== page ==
The flip-side of the visualisation process is assuring that the exciting this rendering still accurately portrays the science which it communicates. So Will’s relationship with the science he translates is based on trust, and his own understanding of the research he conveys.
Further academic robustness comes from the fact that Will and his colleagues are work to empirically test the effectiveness of information visualisation. Using relatively large subject samples, they have empirically tested how effective various forms of visualisation are at appealing to, communicating with, and sticking facts into human brains. Their initial findings seem to point out that for certain demographics visualised data is more appealing, more quickly digested, and better remembered.
Will’s talk, as hoped and expected, sparked a number of interesting questions and discussions. Here is a selection of those that were particularly thought-provoking:
- Does the stage at which a visual representation is produced affect the way the researchers themselves relate to their own data? Does it change the way the report or journal is written or how the conclusions are drawn?
- Are there cultural differences between the way the designs of the visual representations are received by their audiences?
- To what extent is it really possible to represent risk and uncertainty?
- Is a picture more misleading than textual prose because a packaged picture seems to convey some sort of higher truth (much like arguments that have been made in STS about numbers)?
- Do people that make infographics or visualisations have to provide a methodology? Does the creator of the visualisation have to provide a record or justification for what gets counted or what doesn’t get counted in the infographic?
- What would peer review look like for visual science?
Will also kindly gave us a resource list to draw upon if we wanted to find out more about how to create data visualisations ourselves, or if we wanted to see some examples of other people’s visual work.
The two programming languages he mentioned are:
Some useful websites are:
And some conferences too:
And lastly, In case you missed it, we had suggested two readings for the group which are particularly relevant to Will’s talk:
- Michael Lynch’s 1988 paper entitled: “The externalised retina: Selection and mathematization in the visual documentation of objects in the life sciences” and
- David Spiegelhalter et al’s 2011 paper entitled: “Visualizing Uncertainty About the Future”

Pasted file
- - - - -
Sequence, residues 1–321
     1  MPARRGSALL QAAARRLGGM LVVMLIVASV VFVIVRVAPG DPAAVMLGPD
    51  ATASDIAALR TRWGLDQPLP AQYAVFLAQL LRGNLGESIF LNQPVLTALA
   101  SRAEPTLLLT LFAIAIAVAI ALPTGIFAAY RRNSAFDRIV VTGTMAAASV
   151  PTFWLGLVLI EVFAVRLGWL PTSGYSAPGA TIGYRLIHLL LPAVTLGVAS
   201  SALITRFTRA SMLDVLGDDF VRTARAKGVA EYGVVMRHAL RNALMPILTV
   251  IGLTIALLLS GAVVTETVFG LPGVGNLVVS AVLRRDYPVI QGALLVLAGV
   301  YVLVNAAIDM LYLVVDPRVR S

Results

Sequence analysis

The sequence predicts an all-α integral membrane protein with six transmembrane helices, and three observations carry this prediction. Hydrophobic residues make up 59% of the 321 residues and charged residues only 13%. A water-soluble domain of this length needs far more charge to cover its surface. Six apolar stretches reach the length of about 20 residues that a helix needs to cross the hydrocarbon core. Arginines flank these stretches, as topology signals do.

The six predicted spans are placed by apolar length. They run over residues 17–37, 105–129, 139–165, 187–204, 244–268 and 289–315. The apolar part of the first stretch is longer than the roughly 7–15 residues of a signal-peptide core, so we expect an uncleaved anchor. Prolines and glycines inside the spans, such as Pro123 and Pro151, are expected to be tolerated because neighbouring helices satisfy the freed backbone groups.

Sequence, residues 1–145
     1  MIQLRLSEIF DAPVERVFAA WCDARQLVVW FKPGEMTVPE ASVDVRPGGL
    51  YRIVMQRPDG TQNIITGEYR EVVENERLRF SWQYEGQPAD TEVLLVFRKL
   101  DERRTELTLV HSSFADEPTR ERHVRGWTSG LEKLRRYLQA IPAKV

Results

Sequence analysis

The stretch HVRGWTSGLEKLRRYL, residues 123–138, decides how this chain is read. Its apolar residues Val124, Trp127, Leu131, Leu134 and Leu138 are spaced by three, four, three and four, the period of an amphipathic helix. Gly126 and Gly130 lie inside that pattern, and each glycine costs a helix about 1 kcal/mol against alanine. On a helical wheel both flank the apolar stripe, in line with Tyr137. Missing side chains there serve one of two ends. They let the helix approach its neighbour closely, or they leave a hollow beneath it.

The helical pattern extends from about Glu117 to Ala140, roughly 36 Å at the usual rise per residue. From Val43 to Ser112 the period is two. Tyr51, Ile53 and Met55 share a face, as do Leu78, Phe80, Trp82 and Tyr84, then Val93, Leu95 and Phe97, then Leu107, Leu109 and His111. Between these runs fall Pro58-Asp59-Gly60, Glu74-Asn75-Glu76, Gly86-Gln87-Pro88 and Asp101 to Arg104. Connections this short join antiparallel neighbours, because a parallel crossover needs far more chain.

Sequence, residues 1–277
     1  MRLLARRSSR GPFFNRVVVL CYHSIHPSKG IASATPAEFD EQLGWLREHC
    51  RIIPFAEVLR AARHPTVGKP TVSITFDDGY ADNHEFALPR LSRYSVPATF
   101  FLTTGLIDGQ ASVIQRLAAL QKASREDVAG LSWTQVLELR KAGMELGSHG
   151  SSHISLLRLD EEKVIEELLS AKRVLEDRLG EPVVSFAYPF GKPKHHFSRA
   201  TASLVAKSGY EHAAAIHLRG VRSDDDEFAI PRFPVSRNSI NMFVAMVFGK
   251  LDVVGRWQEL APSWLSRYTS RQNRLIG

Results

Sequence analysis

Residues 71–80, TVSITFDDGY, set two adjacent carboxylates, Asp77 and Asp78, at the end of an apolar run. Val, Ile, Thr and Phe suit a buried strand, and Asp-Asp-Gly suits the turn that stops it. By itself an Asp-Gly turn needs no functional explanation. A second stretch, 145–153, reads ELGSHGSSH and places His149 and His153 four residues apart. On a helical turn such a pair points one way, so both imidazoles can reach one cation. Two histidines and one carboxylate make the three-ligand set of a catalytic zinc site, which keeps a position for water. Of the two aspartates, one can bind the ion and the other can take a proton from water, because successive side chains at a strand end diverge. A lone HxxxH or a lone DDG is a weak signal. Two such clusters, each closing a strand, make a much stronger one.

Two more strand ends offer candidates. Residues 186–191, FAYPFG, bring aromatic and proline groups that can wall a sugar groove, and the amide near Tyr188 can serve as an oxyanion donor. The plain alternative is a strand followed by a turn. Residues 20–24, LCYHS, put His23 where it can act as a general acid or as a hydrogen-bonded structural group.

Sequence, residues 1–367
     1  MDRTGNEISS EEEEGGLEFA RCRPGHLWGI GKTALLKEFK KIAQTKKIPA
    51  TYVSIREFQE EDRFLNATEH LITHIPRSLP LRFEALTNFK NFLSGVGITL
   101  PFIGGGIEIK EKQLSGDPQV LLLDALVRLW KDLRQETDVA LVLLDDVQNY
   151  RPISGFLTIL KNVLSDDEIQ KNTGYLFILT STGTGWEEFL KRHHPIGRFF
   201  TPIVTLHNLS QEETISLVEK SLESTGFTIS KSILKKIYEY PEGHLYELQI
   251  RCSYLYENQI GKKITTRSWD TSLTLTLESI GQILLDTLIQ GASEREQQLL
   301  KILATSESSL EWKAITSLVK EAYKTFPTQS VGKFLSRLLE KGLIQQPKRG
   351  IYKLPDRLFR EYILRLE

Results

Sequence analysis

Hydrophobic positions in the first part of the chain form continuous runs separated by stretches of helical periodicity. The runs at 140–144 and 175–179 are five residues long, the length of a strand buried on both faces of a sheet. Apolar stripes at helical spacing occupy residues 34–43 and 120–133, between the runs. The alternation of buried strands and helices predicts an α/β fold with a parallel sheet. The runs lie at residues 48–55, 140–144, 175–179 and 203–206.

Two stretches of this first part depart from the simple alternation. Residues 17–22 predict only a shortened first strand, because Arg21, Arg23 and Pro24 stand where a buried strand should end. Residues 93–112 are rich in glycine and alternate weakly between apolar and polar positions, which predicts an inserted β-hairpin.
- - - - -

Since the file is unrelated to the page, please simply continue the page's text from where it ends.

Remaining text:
The group will meet again at 12.30pm on November 29th at the Said Business School in Seminar Room 13, where we will welcome Dr Anthony Garnault from the Department of Contemporary China Studies at the University of Oxford. He’ll be talking about social surveys in the twentieth century, and will be questioning what the ‘typical’ represents. We’ll be sending out a couple of suggested readings shortly, so watch this space! (A full list of seminars and activities can be found here).
Great news: we have finalised the list of speakers for this term!At the first meeting, Maan Barua, School of Geography and the Environment, University of Oxford, will talk to us about ‘Circulating Elephants’. Please join us over some lunch and refreshments for what is due to be a great presentation and some stimulating discussions. Inaugural STS Oxford Working Group Meeting:
We hope to see many of you there!
We are pleased to announce a new ESRC-funded interdisciplinary Science and Technology Studies working group. The aim is to establish a network of researchers interested in STS to convene once a fortnight to read, discuss and present about research and ideas on the broad topic of ‘counting’. The theme is intentionally broad to allow a diverse range of STS-inspired discussion about: What counts? Who counts? When does it count? Where is it counted? Why should we count it at all?
Researchers with an interest in STS, regardless of disciplinary background are welcome. More details about speakers, seminars and dates to be posted soon. To register your interest, suggest a talk, or if you have any questions, email:
“This is an experimental event! The plan is to have a light supper and then watch “Kumaré”, the recent documentary about someone who sets himself up as a “false guru”. Some interesting ethnographic issues.” – Steve’s email invitation